United States District Court, W.D. Washington
DANIEL R. GOODMAN, Plaintiff,
CAROLYN W. COLVIN, Acting Commissioner of the Social Security Administration, Defendant.
ORDER TO SHOW CAUSE
Richard Creatura United States Magistrate Judge
This Court has jurisdiction pursuant to 28 U.S.C. §
636(c), Fed.R.Civ.P. 73 and Local Magistrate Judge Rule MJR
13 (see also Notice of Initial Assignment to a U.S.
Magistrate Judge and Consent Form, Dkt. 8; Consent to Proceed
Before a United States Magistrate Judge, Dkt. 10).
case is before the Court on plaintiff's failure to
respond to the Court's Scheduling Order (Dkt. 18), dated
and mailed to plaintiff on November 15, 2016. This Order
directed plaintiff to file an opening brief on or before
December 21, 2016. Plaintiff has neither filed an opening
brief nor asked the Court for more time to do so.
Daniel Goodman, proceeding pro se (Dkt. 4) filed his
complaint in July, 2016 (Dkt. 5). Because plaintiff is
proceeding pro se and was granted in forma
pauperis status, the Court directed service of the
summons and complaint (Dkt. 6). Following two motions for
extensions to file their answer (Dkt.11-16), the Acting
Commissioner filed the Answer/Administrative Record on
November 14, 2016 (Dkt. 17). The Scheduling Order was filed
and mailed to plaintiff on November 15, 2016 (Dkt. 18).
Scheduling Order provides in pertinent part:
(1) Plaintiff's Opening Brief
(a) Beginning on page one, plaintiff shall list the errors
alleged (for example, “Issue No. 1 - The ALJ failed to
properly evaluate plaintiff's subjective complaints of
pain.”), followed by a clear statement of the relief
requested. A general statement of an issue, such as
“the ALJ's decision to deny benefits is not
supported by substantial evidence, ” is unacceptable.
Assignments of error that are not listed in this section of
the opening brief will not be considered or ruled upon.
(b) Plaintiff shall provide a brief summary of the relevant
procedural history of the case. Plaintiff shall not include a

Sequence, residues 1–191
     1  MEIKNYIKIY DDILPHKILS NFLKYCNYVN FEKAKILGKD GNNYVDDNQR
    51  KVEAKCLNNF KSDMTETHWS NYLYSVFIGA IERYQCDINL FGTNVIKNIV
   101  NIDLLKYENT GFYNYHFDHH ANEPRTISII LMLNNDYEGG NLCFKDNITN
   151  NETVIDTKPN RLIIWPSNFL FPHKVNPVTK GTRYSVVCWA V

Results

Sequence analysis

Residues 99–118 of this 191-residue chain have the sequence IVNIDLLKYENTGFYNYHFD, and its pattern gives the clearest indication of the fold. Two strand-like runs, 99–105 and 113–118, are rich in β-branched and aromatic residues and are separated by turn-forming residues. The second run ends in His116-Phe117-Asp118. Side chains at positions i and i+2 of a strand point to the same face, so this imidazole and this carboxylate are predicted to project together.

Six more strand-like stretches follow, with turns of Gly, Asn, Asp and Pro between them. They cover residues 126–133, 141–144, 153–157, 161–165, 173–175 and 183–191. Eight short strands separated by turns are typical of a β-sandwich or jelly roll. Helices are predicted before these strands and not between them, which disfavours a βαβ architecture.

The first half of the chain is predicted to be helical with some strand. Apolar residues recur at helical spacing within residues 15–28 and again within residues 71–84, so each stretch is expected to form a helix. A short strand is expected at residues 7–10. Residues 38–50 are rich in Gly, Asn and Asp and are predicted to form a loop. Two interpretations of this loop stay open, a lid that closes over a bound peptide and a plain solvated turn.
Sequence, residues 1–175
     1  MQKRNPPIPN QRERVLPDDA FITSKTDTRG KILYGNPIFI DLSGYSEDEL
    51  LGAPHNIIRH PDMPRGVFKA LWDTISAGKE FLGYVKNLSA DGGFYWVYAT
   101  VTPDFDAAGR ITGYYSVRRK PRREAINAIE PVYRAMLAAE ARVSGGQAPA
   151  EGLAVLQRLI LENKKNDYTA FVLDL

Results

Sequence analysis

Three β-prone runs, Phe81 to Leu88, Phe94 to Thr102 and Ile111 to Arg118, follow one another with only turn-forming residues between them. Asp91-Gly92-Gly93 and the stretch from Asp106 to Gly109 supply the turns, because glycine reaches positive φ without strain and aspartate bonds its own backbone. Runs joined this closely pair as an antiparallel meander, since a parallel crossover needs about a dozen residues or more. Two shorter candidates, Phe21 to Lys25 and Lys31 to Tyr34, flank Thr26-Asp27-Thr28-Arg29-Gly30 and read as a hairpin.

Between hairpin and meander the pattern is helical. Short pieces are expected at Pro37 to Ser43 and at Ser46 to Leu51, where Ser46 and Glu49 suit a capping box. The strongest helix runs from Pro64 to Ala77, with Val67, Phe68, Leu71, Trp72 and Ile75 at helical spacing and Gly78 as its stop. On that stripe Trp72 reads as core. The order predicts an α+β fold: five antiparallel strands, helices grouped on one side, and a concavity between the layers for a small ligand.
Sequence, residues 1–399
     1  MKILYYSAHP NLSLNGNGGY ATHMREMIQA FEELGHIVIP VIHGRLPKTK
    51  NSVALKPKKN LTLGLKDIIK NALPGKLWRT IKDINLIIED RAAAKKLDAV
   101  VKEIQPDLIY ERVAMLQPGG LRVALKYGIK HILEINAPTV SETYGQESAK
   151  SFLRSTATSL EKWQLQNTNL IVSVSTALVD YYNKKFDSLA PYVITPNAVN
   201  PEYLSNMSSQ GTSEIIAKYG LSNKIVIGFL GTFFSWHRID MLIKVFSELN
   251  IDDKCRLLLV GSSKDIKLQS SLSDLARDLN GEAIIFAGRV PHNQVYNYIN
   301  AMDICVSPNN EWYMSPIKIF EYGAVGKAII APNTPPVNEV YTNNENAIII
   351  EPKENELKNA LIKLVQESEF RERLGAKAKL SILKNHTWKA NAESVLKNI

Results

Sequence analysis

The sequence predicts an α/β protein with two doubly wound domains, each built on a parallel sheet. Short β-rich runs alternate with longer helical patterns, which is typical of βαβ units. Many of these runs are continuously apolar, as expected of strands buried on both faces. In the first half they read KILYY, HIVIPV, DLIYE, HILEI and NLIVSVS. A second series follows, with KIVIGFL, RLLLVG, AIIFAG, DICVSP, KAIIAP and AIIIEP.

lengthy recitation of background facts or medical evidence in
this section. Discussion of the relevant facts must be
presented in the argument section in the context of the
specific errors alleged.
(c) Subsequent sections of the opening brief must fully
explain each issue raised in the assignments of error and
must include citations to the specific pages of the
administrative record and the relevant legal authority that
support each argument and request for relief.
appealed the denial of his Social Security applications by
filing this lawsuit and thus has the responsibility to
explain to the Court (1) what the ALJ did wrong, (2) what
evidence supports his position, and (3) why the ALJ's
error was harmful, i.e., why it affected the outcome
of the case. This responsibility is met by filing an opening
brief. The opening brief is important because it informs
everyone of the specific claims plaintiff wishes the Court to
address, and gives the Acting Commissioner an opportunity to
respond. Without an opening brief the Court would have to
guess at what claims plaintiff intends to present.
Additionally, the Court cannot act as the lawyer for either
side, that is, the Court cannot make arguments on behalf of a
party and cannot decide the case based on issues that the
parties have not raised.
after plaintiff and the Commissioner file their briefs, will
the Court be in a position to review the arguments made by
both sides and issue a decision. In this case,
plaintiff's failure to file an opening brief not only
deprives the Court of knowing what claims he wishes the Court
to review, it also violates the Court's Scheduling Order.
If the Court finds that plaintiff failed to file his brief
without just cause, the Court could dismiss the case. Local
Civil Rule 11(c); see, also Fed. R. Civ. P. 41(b).
Given the circumstances in this case, however, the Court
would prefer to decide the case on the merits and does not
deem the drastic measure of dismissal appropriate at this
Court therefore ORDERS:
Daniel Goodman, plaintiff, must submit to the Court by
February 24, 2017 an opening brief explaining what the ALJ
did wrong, with citations to the Administrative Record, what
evidence supports plaintiff's position, and why the
ALJ's error was harmful, and also must follow the
requirements noted in the Scheduling Order (see Dkt.
plaintiff does not file or cannot file an opening brief, he
must explain why the case should not be dismissed for failing
to follow the Court's scheduling order. He must submit